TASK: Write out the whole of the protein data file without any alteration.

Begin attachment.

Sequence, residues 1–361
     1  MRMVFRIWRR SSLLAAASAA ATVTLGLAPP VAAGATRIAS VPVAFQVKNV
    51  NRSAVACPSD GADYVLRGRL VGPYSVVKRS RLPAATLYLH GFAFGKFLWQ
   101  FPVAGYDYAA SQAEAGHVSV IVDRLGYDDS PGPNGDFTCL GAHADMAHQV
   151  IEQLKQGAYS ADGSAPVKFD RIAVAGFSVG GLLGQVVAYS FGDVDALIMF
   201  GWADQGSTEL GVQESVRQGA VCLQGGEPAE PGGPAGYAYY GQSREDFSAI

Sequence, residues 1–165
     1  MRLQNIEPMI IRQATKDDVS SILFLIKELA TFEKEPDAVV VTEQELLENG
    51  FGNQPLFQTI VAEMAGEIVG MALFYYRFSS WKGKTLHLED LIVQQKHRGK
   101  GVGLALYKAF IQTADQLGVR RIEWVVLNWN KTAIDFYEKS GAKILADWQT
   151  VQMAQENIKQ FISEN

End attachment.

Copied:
Sequence, residues 1–361
     1  MRMVFRIWRR SSLLAAASAA ATVTLGLAPP VAAGATRIAS VPVAFQVKNV
    51  NRSAVACPSD GADYVLRGRL VGPYSVVKRS RLPAATLYLH GFAFGKFLWQ
   101  FPVAGYDYAA SQAEAGHVSV IVDRLGYDDS PGPNGDFTCL GAHADMAHQV
   151  IEQLKQGAYS ADGSAPVKFD RIAVAGFSVG GLLGQVVAYS FGDVDALIMF
   201  GWADQGSTEL GVQESVRQGA VCLQGGEPAE PGGPAGYAYY GQSREDFSAI

Sequence, residues 1–165
     1  MRLQNIEPMI IRQATKDDVS SILFLIKELA TFEKEPDAVV VTEQELLENG
    51  FGNQPLFQTI VAEMAGEIVG MALFYYRFSS WKGKTLHLED LIVQQKHRGK
   101  GVGLALYKAF IQTADQLGVR RIEWVVLNWN KTAIDFYEKS GAKILADWQT
   151  VQMAQENIKQ FISEN